Warning! Despite my glowing review, I would hold off on reading this novel. This is the first novel in a trilogy and has been around for more than 10 years. Despite this, the third novel in the trilogy has not been published, and the publishing company and Duey’s editor could not give me a review date. By all means, if you see a copy somewhere, buy it, but don’t start reading it!

4star

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Review: A.F. Harrold & Levi Pinfold – The Song From Somewhere Else

The Song From Somewhere Else
A.F. Harrold & Levi Pinfold

Frank is bullied by Noble, who is anything but noble. When Nick, stinky, ostracised Nick, comes to her rescue, it seems unkind (despite being unwise) to not at least spend some time in his company. At his house, Frank hears music that she can’t ignore… but it comes from a most unexpected place.

29785301A fantasy twist on a bullying story, Frank is a character that you will love and want to protect in the beginning. By the end, you might wonder a bit where her spunk has come from, but I personally think it rubbed off from Nick. An innocuous missing cat can start off a range of interworld connections that lead to a better end than could have been imagined.

Oh, did I mention that it’s a beautiful hard cover that has an equally attractive dust jacket, and includes illustrations? I admit, I mainly looked at the illustrations before I got too caught up in the story to pay attention. I think I’d like to go back and look at them now though.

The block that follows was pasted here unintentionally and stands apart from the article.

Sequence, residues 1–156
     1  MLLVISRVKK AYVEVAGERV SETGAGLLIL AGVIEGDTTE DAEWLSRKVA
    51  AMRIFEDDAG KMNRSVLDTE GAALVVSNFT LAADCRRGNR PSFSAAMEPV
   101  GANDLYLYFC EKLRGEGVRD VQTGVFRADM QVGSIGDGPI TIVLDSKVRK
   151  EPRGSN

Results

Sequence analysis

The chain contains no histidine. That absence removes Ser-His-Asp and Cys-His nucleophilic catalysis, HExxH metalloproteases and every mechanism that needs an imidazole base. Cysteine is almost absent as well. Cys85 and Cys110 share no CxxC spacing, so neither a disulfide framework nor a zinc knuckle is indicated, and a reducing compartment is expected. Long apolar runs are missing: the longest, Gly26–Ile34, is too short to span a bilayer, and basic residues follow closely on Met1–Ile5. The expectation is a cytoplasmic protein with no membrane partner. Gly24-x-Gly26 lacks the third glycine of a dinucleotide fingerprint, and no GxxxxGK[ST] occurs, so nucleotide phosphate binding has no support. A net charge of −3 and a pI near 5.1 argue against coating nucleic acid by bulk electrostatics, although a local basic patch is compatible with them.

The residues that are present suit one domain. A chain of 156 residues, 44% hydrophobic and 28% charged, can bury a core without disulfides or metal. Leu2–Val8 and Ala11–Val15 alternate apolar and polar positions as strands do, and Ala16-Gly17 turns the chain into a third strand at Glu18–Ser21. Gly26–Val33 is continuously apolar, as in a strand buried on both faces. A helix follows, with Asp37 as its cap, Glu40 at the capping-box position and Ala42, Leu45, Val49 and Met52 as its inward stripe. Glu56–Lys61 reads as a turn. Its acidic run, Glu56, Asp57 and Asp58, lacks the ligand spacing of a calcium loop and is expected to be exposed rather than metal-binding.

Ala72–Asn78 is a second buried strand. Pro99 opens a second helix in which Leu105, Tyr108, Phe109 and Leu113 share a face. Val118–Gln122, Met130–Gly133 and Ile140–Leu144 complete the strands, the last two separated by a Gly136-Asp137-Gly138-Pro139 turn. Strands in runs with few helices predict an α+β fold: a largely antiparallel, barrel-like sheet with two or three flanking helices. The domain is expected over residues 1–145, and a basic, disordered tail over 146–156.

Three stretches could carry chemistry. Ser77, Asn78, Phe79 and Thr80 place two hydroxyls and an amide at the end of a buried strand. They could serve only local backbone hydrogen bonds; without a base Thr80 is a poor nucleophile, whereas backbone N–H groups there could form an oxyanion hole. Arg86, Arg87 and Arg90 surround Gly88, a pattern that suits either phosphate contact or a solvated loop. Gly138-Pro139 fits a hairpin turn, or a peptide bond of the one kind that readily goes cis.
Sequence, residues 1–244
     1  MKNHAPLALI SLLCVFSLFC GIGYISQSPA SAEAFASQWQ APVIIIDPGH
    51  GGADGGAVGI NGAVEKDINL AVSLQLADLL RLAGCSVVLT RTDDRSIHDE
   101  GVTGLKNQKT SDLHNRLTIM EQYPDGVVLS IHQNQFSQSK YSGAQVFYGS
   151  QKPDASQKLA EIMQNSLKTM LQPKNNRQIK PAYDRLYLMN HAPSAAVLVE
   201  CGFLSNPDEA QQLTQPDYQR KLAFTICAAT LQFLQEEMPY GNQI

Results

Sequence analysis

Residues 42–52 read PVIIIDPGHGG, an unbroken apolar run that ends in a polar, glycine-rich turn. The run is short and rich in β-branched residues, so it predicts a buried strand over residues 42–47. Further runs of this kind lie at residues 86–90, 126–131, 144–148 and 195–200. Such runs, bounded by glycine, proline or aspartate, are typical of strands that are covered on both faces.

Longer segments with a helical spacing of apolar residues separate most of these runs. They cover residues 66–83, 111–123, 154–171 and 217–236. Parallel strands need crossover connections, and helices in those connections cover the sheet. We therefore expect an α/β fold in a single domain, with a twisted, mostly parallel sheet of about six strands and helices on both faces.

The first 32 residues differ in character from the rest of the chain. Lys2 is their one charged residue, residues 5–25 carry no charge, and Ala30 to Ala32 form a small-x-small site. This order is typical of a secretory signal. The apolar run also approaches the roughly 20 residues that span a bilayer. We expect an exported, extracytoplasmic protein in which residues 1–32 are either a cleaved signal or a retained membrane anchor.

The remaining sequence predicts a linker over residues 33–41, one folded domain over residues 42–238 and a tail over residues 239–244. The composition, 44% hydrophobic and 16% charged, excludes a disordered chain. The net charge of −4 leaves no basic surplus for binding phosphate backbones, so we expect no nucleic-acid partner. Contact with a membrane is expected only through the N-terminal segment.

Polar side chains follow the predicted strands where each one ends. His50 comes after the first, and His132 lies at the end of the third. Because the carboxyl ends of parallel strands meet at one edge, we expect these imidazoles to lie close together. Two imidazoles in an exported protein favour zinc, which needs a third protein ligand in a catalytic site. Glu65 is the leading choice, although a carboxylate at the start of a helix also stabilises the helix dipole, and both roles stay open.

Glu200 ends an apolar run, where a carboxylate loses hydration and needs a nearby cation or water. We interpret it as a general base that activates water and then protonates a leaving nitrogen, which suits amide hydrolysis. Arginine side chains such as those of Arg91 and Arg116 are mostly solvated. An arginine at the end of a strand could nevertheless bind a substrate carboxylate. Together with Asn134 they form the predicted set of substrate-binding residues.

This is what I wanted Little Bits of Sky to be. It’s a whimsical but compelling novel that is suitable for younger readers, but has a splash of creepy just for good measure! I’m giving it 4 stars – I think it could be a great Christmas gift for someone who enjoys both fantasy and teenage fiction.

4star

Bloomsbury | 1st December 2016 | AU $24.99 | Hardback

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Review: Guillermo del Toro & Daniel Kraus – Trollhunters

Trollhunters
Guillermo del Toro & Daniel Kraus

Having a memorial to your dead old uncle in your livingroom is a bit odd. Even worse so when your dad, Jim Sturges Sn. keeps 10 locks on the front door and steel shutters on the windows. Jim Sturges Jr. has enough to worry about without trolls actually coming out from the drains in the gym lockers…

31846469Plenty of ooze, vomit, snot and gore in this novel, but with epic illustrative depictions that make you feel like you are right there on the scene. Yes, some parts of it were completely overboard, but I just rolled with it. It had the immediacy of action that I missed from Artie and the Grime Wave, and theoretically the same amount of gross.

Read this as episodic awesomeness that you won’t necessarily see coming. Please, please, please don’t read anything else online about it or I think you will ruin the storyline for yourself. For me, I didn’t see a lot of what there was to happen and that made it all the more exciting to experience things with the unlikliest of heros.

This is coming to Netflix (or is already there?), and you can bet I’m going to have at least a try of watching it with my partner. I think that this could make a powerful, enjoyable storyline and I look forward to sharing it with a non-reader. It’s made by Dreamworks and I generally love everything Dreamworks (Kung Fu Panda! How to Train Your Dragon!), so I’ve got high hopes.

Ah ha! That ending was perfect and satisfying. And yet… this is the first novel in the series! Am I going to pick the second novel? Maybe… it depends on what other options are there. I’m giving this novel 4 stars because I couldn’t put it down despite being tired and overdue for my nap.

4star

Allen & Unwin | 23rd November 2016 | AU $16.99 | Paperback